Mark P. Shea is a popular Catholic writer and speaker. The author of numerous books, his most recent work is The Work of Mercy (Servant) and The Heart of Catholic Prayer (Our Sunday Visitor). Mark contributes numerous articles to many magazines, including his popular column “Connecting the Dots” for the National Catholic Register. Mark is known nationally for his one minute “Words of Encouragement” on Catholic radio. He also maintains the Catholic and Enjoying It blog. He lives in Washington state with his wife, Janet, and their four sons.
If we hadn’t, Europe might now be a socialist confederacy of nations dominated by a German economic powerhouse. Hostility to Jews and Catholics might be rampant on the Continent at this hour. A worldwide colossus dedicated to the abortion of the unfit and founded by a racist whose banner was “Eugenics: To create a race of thoroughbreds!” might, even now, be continuing Hitler’s work of killing millions. Our culture, might, even now, be paying high honors to those who cherish the lives of animals over those of human beings just as Hitler loved his German Shepherd Blondi while ordering the unfit to be massacred. Heck, we might even be torturing and experimenting on prisoners or adopting the tactics (and euphemisms) of the Gestapo in the name of National Security. There could be serious talk among the intelligentsia about arresting the Pope on a trumped up charge and even dreamy wishful talk in state-sponsored news media of pursuing him through the sewers of Europe and riddling his corpse with bullets. The brave Dutch Catholics who resisted Nazi oppression might, even now, be abandoning their faith in droves in conformity with the Culture of Death and embracing the notion that murdering innocent people whose lives were deemed by Authorities to be “Lebensunwertes Leben” is a good thing and praising German jurisprudence as a masterpiece of enlightenment on the matter. And the practice might even be spreading to our shores.
Indeed, nationally recognized journals of reputable popular science like Psychology Today might be publishing things like:
Thus, the injunction against assisted suicide – like that against unassisted suicide – is commonly underwritten by the doctrine of human dignity. But the whole edifice starts to crumble once we bring Darwin into the picture. With the corrective lens of evolutionary theory, the view that human life is infinitely valuable suddenly seems like a vast and unjustified over-valuation of human life. This is because Darwin’s theory undermines the traditional reasons for thinking human life might have infinite value: the image-of-God thesis and the rationality thesis.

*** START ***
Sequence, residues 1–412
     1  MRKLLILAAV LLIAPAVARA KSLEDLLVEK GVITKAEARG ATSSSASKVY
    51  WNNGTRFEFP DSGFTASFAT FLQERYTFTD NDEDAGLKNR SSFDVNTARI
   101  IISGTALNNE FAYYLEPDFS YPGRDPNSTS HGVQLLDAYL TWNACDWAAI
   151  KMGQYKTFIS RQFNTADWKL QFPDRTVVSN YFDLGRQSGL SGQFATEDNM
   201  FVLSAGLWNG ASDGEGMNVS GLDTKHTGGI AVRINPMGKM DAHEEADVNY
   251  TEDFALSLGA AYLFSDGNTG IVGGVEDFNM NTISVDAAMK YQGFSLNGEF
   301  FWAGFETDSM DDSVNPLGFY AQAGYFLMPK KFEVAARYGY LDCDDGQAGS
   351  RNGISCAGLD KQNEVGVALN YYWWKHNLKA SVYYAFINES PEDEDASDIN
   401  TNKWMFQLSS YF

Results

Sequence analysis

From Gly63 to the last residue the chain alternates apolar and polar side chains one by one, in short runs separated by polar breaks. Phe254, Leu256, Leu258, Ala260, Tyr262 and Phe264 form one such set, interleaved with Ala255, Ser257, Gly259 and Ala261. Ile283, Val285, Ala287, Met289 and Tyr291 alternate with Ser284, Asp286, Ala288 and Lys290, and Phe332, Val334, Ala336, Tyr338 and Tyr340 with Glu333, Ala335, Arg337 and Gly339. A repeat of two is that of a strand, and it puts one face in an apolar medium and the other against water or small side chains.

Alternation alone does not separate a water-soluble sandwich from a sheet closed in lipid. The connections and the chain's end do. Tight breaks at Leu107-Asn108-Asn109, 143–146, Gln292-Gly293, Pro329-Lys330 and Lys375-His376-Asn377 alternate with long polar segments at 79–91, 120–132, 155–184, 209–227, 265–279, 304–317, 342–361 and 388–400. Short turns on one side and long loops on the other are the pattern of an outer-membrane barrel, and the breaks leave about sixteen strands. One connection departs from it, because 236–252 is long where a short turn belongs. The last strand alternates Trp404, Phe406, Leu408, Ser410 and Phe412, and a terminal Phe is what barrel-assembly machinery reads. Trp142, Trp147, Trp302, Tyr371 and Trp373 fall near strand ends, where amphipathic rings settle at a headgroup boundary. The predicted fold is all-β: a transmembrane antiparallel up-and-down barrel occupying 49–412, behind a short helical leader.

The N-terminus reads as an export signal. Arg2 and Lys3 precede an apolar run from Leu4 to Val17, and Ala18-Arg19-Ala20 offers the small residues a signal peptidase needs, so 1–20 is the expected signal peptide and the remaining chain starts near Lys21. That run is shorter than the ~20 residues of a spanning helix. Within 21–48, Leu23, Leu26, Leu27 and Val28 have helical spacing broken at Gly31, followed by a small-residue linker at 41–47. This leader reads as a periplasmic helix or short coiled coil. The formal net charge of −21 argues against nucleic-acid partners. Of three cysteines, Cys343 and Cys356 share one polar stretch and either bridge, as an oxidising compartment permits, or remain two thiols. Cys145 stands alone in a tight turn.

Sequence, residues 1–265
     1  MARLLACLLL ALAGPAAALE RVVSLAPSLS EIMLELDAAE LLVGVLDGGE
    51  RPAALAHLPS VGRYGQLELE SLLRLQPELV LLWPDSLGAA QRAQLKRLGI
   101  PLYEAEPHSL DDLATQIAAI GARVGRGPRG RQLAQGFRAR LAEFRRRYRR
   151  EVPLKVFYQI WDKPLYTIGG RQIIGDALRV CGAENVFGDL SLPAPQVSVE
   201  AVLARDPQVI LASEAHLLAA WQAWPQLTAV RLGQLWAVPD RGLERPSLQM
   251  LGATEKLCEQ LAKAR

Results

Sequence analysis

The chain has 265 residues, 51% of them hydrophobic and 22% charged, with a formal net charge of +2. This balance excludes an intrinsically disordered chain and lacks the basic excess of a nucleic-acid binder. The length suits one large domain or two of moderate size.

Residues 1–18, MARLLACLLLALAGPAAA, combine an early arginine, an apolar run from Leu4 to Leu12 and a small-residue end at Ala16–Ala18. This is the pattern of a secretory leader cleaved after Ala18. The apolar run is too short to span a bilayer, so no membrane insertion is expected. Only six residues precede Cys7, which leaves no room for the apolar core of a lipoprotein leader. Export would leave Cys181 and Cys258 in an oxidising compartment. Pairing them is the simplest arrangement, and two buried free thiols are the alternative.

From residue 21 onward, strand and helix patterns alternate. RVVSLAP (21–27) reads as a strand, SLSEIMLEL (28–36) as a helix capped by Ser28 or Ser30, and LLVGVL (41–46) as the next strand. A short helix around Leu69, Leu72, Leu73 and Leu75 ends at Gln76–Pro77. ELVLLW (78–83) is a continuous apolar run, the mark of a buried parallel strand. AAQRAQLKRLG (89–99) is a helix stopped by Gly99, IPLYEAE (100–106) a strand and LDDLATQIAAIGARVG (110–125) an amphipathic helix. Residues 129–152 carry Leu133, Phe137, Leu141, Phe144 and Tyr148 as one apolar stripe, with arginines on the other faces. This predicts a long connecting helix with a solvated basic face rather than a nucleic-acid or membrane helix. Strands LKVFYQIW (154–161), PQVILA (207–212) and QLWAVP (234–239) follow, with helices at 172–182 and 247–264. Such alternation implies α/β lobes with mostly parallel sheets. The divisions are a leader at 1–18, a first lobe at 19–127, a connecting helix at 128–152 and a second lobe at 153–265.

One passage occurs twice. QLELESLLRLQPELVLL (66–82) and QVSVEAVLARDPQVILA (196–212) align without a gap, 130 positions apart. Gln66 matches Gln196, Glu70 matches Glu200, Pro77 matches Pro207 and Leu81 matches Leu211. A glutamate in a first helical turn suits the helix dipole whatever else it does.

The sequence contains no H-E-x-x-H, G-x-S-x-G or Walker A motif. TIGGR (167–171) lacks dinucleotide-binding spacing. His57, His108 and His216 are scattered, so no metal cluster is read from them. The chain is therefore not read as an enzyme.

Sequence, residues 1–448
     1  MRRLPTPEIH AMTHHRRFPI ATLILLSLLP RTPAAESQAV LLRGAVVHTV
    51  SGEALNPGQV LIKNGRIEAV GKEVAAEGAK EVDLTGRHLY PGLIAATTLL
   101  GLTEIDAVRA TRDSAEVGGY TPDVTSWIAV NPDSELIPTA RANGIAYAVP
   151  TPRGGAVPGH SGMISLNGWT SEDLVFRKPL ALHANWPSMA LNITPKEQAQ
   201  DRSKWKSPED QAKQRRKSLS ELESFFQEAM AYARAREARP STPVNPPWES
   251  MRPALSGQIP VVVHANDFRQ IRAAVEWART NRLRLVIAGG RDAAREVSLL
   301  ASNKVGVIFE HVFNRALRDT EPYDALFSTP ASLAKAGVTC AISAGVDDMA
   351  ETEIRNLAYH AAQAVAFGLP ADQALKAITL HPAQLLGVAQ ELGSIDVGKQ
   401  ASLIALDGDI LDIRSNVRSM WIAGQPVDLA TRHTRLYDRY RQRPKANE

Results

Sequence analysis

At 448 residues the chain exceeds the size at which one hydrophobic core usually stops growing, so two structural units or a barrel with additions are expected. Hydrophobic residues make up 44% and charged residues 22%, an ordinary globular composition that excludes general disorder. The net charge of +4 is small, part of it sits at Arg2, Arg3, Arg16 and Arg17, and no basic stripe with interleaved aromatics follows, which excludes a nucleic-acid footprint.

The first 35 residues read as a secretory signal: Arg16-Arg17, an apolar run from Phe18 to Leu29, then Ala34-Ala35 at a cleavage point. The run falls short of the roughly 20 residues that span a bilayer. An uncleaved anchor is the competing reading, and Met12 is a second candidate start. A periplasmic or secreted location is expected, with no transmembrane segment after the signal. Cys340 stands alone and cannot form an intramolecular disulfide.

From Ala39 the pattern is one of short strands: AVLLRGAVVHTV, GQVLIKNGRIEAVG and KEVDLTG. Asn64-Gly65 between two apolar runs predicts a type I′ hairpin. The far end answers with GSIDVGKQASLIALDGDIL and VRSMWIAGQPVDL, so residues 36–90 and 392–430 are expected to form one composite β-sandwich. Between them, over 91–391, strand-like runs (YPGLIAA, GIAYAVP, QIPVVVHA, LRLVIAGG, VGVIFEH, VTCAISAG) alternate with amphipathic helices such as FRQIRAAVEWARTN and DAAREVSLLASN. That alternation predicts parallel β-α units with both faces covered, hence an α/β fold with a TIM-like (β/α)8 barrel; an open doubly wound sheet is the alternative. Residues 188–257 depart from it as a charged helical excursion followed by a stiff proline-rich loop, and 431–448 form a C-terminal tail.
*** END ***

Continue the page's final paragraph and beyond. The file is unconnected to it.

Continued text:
But if human life is not supremely valuable after all, then there is no longer any reason to think that suicide or voluntary euthanasia is necessarily wrong under any or all circumstances. In fact, it starts to seem decidedly odd that we have elevated human life – i.e., pure biological continuation – so far above the quality of the life in question for the person living it. Why should life be considered valuable in and of itself, independently of the happiness of the individual living that life?
And powerful people might be quietly asking themselves, “What’s so special and sacrosanct about “happiness” or “consent”? If it’s true that Darwin’s theory undermines the traditional reasons for thinking human life might have infinite value, isn’t it just as true that Darwin’s theory undermines the traditional reasons for thinking human life might have any value if it gets in my way? If human beings are just one more product of the same mindless process that made that anthill in my front yard, why shouldn’t I treat human beings the way I treat those ants when they get in my way? It certainly worked for Hitler when he came to power. His problem was not that he was immoral or “evil”. As Psychology Today has argued to my satisfaction, all that “morality” stuff is just genetic programming design to perpetuate the species. If I can defy my genetic programming by wearing a condom, why not defy it when I need to kill somebody who is in my way? Yeah, Hitler’s problem was not that he was for killing whole populations that got in his way anymore than a shark is “evil” for devouring a school of fish. It’s what happens in nature. No. Hitler’s problem is that he got sick and weak. His problem is that he lost. So if I can retool the system in such a way that it’s legal to do so and I won’t face punishment for my so-called “sin” (what an outdated concept!), why not kill people who get in my way just as I kill ants that get in my way? If Darwinism is about anything, it’s about the survival and proliferation of the strong!
Yes, it’s sure a good thing Hitler lost and his ideas died with him.